Star Ocean 4 early demo event report
Microsoft decks out its office in Star Ocean and invites press and fans in.
Star Ocean 4 truly is an international development for Square Enix and Microsoft. Just as American media gets to put up detailed previews (IGN Xbox put up impressions from the full first disc yesterday, complete with a must-see video preview), the Japanese media was invited out to Microsoft's Daitanbashi office for an extended demo session.
Following the showing of a slick new trailer that MS said would be uploaded to Xbox Live Marketplace shortly, the press was given about an hour and a half of free play time. This was followed by a similar session for a few members of the general populace.
The day closed off with a Q&A session with the producers. I wasn't able to stick around for this, unfortunately, but I'll update with a second hand report once the Japanese sites share the details.
Here are a few shots of the attractive Star Ocean 4 displays:
I already shared impressions last week from a demo session at Yodobashi Camera in Akihabara. That was based off a fifteen minute session.
You might think that with an hour and a half, I'd have a whole more to say, but most of my play time today was spent with non-interactive story sequences, as I chose to start off a new game and went through all the accompanying background, starting with a movie showing off the events of World War III leading up to mankind's development of the warp drive and expansion into space. Enter Edge and Reimi. I'll refrain from spoiling past these first few minutes.
After experiencing the first hour or so of the story, I'm more excited than ever about Star Ocean 4. The conversation and event sequences in my play time were put together well and kept my interest. Above all else, the characters appear to get along well together; I was totally drawn into Edge and Reimi and can't wait to see what happens to them next.
I also like what I saw of the pacing in the first hour. The background story about humanity's movement into space could have been extremely lengthy, but the game advances to Edge's time quickly. Pretty soon, you're given full control and begin exploration of your first planet.
One area of note -- I'm not sure if this was known or not -- is that the game has four levels of difficulty. I played on the normal difficulty and, still unaccustomed to proper use of the various battle systems, almost ended up getting killed as I rushed through battles by pressing the special attack buttons over and over again.
Yamagishi (the producer) was totally right behind me talking to people, by the way. I'm not sure which is more embarrassing: clearly not making use of all his gameplay systems, or nearly dying during one of the first few battles.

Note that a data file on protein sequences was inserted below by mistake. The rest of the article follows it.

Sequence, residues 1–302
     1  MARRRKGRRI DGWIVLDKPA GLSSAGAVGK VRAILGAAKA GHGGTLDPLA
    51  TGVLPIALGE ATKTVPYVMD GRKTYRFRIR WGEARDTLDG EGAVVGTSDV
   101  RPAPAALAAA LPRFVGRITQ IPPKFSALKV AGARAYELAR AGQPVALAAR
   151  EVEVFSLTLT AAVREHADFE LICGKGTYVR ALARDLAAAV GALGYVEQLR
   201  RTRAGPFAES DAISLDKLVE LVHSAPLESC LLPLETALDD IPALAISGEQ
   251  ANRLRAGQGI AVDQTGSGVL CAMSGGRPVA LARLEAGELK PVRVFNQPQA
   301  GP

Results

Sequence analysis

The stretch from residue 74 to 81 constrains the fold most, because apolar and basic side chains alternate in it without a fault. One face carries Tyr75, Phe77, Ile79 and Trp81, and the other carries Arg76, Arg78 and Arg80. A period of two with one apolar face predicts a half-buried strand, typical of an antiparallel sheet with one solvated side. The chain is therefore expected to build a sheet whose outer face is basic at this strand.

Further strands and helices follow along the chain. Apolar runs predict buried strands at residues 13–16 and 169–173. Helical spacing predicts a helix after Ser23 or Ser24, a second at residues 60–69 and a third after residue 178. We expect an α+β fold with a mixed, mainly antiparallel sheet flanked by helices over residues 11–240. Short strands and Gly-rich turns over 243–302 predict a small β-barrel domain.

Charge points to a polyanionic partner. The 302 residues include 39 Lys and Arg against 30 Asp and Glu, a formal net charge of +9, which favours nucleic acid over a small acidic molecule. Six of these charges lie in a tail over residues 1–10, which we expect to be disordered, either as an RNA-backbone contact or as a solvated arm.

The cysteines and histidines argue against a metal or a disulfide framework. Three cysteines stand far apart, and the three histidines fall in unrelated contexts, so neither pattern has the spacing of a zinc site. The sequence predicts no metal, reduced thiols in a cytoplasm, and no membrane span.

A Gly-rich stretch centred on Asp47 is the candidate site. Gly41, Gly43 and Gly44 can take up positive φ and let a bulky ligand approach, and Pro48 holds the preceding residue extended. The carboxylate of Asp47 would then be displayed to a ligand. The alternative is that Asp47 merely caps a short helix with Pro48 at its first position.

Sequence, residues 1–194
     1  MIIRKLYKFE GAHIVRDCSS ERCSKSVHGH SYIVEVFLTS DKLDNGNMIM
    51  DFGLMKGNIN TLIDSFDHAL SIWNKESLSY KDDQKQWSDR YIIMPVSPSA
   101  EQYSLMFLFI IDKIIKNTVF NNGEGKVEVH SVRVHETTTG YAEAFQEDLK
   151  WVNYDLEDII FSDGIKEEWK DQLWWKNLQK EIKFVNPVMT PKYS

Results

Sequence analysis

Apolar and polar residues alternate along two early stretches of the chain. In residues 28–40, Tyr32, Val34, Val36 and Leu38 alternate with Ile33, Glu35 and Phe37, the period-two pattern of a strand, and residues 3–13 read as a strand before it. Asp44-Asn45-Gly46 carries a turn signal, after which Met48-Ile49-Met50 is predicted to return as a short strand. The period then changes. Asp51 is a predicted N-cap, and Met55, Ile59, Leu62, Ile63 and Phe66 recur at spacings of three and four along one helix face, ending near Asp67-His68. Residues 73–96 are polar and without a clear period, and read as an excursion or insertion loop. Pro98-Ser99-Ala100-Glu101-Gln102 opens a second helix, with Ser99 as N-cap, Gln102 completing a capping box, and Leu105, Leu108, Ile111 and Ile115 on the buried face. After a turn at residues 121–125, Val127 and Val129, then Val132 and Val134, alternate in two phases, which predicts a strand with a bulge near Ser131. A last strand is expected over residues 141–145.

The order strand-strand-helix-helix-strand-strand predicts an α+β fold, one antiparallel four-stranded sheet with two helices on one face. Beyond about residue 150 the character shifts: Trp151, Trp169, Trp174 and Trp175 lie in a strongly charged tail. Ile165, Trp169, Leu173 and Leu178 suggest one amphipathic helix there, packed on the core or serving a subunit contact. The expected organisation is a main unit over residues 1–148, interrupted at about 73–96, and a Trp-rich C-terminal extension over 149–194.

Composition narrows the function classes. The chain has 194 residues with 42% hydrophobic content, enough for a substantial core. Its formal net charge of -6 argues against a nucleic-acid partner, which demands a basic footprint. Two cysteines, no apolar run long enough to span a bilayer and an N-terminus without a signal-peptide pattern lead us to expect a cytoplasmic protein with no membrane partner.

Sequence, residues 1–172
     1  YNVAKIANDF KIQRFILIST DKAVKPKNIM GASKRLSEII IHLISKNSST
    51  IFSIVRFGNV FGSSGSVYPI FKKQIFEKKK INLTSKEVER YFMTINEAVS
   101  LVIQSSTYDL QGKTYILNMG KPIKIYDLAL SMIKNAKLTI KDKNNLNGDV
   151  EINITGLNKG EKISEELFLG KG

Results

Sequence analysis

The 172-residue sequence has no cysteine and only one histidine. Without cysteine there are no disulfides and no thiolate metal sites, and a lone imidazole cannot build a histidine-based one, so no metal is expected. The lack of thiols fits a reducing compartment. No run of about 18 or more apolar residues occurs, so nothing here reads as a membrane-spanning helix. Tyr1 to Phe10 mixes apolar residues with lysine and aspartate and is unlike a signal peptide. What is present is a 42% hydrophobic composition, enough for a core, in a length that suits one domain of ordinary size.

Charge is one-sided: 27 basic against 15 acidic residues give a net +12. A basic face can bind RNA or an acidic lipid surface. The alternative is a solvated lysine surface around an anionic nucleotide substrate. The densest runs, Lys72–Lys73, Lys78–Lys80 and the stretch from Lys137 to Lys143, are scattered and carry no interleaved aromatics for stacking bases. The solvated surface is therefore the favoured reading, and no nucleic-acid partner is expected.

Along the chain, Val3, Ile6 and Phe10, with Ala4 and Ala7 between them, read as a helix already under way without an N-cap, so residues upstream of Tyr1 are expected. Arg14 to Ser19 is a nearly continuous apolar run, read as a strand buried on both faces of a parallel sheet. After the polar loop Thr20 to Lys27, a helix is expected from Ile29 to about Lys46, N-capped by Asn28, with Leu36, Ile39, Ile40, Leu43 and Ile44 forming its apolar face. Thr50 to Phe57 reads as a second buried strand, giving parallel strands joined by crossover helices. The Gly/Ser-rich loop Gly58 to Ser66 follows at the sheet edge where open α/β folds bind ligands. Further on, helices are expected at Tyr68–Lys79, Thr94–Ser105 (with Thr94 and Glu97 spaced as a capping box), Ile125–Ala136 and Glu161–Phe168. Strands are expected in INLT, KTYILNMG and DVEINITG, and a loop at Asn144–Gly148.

Outside of selecting to start a new game, the event's 360 units were also pre-loaded with a save file from about 20 hours into the game. This featured the same planet that I'd sampled in the Yodobashi Camera event, but here you were started off outside of your ship. Strangely, the ship wasn't actually visible on the planet's surface. There was a flight of stairs to nowhere, and when I climbed that, I was taken into the ship. I presume this means the ship was in orbit (or maybe having the giant ship model on the field screws with the engine so they did away with it).
MS handed out a bunch of screenshots for the game today. I'm pretty sure most of them are old, but here are just a few of my favorites along with some irrelevant observations.
See those battle shots? As pointed out over at Siliconera yesterday, the interface in Star Ocean 4 differs between the US and Japanese versions of the game, with Japan getting a more Tales-style anime look and America getting a more high-tech look. The US version replaced the battle interface's anime portraits with CG portraits.
In Japan, the anime look seems to be the way to go, especially given how poorly the Tales of Hearts CG version appears to have done (I read a few blog reports earlier that the CG version is being discounted by 50% at some retailers). As for the American version... as much as this will probably piss off purists, the CG seems to match the game well and is probably appropriate given the sci-fi nature of the game (note that this argument does not apply to Tales).